Fringe Arts’ high-ceilinged theater – with its stadium-style seats and white-painted-brick upstage wall, and three large windows overlooking the outdoor bar/restaurant – may not be what traditional opera-goers expect, but it was perfect for singer/composer/performance artist Joseph Keckler’s Let Me Die, a world premiere presented jointly by Fringe Arts for its 2019 Fringe Festival and Opera Philadelphia as part of Festival O19, its third annual September series. The floor was covered in wide front-to-back red and black stripes, a grand piano and bench stood mid-stage right, a pair of candlesticks on the floor in front of it, the violinist’s chair and stand beside it. An elegant yet simple pale armchair was center-stage, to its left a lectern. Altogether, the basic scenic picture was striking yet unobtrusive. A printed “List of Quoted Works” showed that the topic of operatic death(s) would be represented by the expected (Bohème, Traviata, Ballo, Otello, Werther and so on) and the unexpected, such as Satie’s Socrate, an unfamiliar touching side of the composer.

Joseph Keckler in Let Me Die.
© Johanna Austin

Keckler, tall and lanky with slightly tousled short dark hair and soulful eyes, in black high-collared jacket, pants and boots, mike in hand, grabbed attention immediately by intoning Tosca’s “Ah, Scarpia, avanti a Dio” and jumping off the chair. Thus began Act 1, with snippets of death scenes ranging from Rodrigo’s in Don Carlo to Manon’s in both the Puccini and Massenet versions. For me the best was Keckler as both Manrico and Leonora, while Azucena and the orchestra were interpreted by violin (Lavinia Pavlish) and piano (William Kim), both excellent. A trained opera singer himself, student of tenor George Shirley, Keckler has a rich bass-baritone voice and a falsetto of almost countertenor level – and charisma.

The rest of the first half was a lecture-recital in which Keckler spoke, mostly at the podium, of the variants on operatic demise that have been the center of his attention for some time, singing examples. Perhaps, as he told the story (how much in jest?) the seed was sown when, born on the Mexican Day of the Dead, he developed a predilection for dancing skeletons, while another childhood amusement was to stage tricycle accidents and wait for passersby to ask if he was alright.

Veronica Chapman-Smith, Augustine Mercante and Natalie Levin
© Johanna Austin

The inspiration for his current project, he explained, was years of regarding death as the common denominator, even the crux, of many operas, adding: “I don’t like death, but I like fake death, and opera is the best for it” and thinking it could be “fun for me to die over and over onstage – and possibly fun for you.” The show’s title is English for Monteverdi’s aria “Lasciatemi morire” (“the one that you get at your first voice lesson”), all that is left of the 1608 opera Arianna (he wondered what if only a fragment existed of many other operas). Some of his comments were intriguing, others witty, some requiring development, modification or even deletion: still a work-in-progress.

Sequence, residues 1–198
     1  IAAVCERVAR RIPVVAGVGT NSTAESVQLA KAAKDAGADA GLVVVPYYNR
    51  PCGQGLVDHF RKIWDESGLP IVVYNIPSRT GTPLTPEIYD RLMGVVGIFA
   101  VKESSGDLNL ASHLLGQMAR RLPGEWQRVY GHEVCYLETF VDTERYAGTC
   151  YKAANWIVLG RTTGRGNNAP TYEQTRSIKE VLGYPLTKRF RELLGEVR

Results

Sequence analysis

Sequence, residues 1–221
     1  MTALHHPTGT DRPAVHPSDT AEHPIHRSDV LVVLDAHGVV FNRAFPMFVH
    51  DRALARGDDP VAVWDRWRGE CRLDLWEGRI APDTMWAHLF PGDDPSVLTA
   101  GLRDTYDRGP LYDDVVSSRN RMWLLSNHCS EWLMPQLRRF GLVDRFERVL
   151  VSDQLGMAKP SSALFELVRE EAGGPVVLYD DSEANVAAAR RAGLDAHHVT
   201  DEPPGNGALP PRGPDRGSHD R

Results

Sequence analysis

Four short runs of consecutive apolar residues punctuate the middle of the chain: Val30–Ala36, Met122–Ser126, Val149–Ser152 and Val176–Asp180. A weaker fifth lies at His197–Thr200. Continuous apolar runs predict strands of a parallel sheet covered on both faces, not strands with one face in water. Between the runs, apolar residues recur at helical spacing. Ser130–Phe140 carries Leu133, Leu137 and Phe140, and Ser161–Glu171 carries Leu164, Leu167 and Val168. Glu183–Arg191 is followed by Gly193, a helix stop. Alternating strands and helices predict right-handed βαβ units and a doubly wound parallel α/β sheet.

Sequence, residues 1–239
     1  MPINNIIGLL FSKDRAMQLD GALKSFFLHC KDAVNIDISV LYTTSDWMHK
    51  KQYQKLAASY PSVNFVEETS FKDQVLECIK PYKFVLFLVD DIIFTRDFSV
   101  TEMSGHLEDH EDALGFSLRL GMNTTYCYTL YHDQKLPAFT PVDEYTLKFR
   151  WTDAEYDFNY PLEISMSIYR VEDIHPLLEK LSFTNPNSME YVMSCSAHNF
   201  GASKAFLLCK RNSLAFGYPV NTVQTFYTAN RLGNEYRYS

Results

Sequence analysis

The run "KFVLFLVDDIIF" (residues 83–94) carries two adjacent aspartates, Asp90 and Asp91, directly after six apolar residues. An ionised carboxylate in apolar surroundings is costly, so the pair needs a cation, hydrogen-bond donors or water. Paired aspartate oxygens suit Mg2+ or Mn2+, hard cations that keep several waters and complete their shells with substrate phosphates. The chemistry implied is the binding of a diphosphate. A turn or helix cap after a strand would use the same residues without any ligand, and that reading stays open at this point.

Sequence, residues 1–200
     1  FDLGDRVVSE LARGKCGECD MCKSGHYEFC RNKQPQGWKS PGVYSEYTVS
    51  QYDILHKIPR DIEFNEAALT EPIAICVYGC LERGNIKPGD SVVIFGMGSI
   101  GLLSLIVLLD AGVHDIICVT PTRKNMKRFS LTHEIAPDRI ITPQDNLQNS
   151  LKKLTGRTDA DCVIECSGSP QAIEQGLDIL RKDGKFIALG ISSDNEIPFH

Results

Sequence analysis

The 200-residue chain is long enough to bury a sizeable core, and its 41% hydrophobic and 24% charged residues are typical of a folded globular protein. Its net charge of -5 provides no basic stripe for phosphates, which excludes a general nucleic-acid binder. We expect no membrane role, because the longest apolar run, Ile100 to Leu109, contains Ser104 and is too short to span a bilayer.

Considering Keckler’s sensitivity and intellect (he has had residencies at Yaddo and MacDowell), I was shocked to hear him say that the onstage death of the great baritone Leonard Warren made him a performance artist. Much more appropriate would have been to point out the eerie fact that Warren’s last sung line was “Morir, tremenda cosa” – to die is a dreadful thing. Also unworthy of the material was a silly take on the preparations for Seneca’s death in Monteverdi’s L’incoronazione di Poppea.

Veronica Chapman-Smith and Augustine Mercante in Let Me Die
© Johanna Austin

Concluding the evening’s lecture aspect, Keckler turned the lectern on its back and into a half-coffin, inside of which he lay, his legs sticking out, for Act 2 of the 80-minute-long show. In categories of Icons, Couples, Witches (Azucena and Medea legit, Kostelnicka and Elektra not: why them?), Men and Last Lines, the operatic excerpts were appropriated by three singers: strong, expressive soprano Veronica Chapman-Smith; sometimes shrill mezzo Natalie Levin, and fine young countertenor Augustine Mercante, in distinctive, colorful costumes by Diego Montoya. They all interpreted both male and female roles: some gender variations worked better than others. One that did, surprisingly, was the (silent) image of tall, stolid Mercante as Butterfly’s child, with Levine as Pinkerton, in this case arriving in time to see Butterfly die (Chapman-Smith, very moving). Others were Levine as Riccardo in Ballo, Mercante as Werther, all three as Seneca’s despairing friends in the repeated “Non morir, Seneca,” compensating for the Act 1 approach, and as Don Giovanni, Leporello and the Commendatore: proof of the strength of the music and words even in the “wrong” voices.

In addition to Montoya, Keckler’s talented collaborators included director Elizabeth Gimbel, arranger Matthew Dean Marsh, and lighting designer Evelyn Swift Shuker.